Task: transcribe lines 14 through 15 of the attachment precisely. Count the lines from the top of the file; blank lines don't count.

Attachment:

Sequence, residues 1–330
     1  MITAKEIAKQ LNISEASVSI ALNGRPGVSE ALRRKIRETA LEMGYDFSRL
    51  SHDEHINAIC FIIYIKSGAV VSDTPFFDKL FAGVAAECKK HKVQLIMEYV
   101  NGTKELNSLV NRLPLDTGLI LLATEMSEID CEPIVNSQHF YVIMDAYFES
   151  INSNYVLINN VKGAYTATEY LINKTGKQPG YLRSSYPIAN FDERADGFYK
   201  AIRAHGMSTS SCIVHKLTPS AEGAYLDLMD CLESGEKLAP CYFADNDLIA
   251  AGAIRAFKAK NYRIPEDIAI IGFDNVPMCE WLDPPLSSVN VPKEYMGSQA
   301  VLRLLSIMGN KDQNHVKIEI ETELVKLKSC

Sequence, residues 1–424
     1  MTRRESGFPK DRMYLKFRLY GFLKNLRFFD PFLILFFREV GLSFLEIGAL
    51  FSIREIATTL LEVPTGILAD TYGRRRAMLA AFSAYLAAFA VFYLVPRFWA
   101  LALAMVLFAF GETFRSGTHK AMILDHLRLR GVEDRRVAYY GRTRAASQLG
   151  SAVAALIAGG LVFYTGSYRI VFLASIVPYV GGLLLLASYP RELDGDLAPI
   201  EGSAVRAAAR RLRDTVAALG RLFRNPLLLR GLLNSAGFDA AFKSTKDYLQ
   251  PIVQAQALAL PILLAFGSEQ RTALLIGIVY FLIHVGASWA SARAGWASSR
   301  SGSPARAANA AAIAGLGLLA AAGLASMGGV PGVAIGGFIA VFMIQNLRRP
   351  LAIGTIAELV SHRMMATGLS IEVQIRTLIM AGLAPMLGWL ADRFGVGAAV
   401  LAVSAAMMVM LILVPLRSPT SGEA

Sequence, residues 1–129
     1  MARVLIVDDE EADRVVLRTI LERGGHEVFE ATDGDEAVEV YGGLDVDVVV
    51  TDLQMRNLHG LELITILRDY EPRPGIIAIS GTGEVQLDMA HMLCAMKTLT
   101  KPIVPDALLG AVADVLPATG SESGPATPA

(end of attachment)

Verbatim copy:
   201  EGSAVRAAAR RLRDTVAALG RLFRNPLLLR GLLNSAGFDA AFKSTKDYLQ
   251  PIVQAQALAL PILLAFGSEQ RTALLIGIVY FLIHVGASWA SARAGWASSR